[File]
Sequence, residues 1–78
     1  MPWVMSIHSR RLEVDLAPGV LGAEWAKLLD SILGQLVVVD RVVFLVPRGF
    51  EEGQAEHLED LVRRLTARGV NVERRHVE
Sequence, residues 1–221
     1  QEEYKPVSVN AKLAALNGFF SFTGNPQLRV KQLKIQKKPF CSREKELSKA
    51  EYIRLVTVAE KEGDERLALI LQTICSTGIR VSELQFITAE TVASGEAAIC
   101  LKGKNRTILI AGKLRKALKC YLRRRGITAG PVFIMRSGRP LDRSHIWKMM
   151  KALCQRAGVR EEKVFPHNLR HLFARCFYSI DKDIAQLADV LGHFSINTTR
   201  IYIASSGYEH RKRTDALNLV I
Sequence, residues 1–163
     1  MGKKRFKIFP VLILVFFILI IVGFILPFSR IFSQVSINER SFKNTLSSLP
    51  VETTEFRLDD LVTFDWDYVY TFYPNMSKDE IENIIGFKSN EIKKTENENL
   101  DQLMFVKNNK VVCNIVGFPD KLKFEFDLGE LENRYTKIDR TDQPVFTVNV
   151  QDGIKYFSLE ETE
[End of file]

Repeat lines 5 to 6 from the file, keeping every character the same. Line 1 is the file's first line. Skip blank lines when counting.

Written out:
     1  QEEYKPVSVN AKLAALNGFF SFTGNPQLRV KQLKIQKKPF CSREKELSKA
    51  EYIRLVTVAE KEGDERLALI LQTICSTGIR VSELQFITAE TVASGEAAIC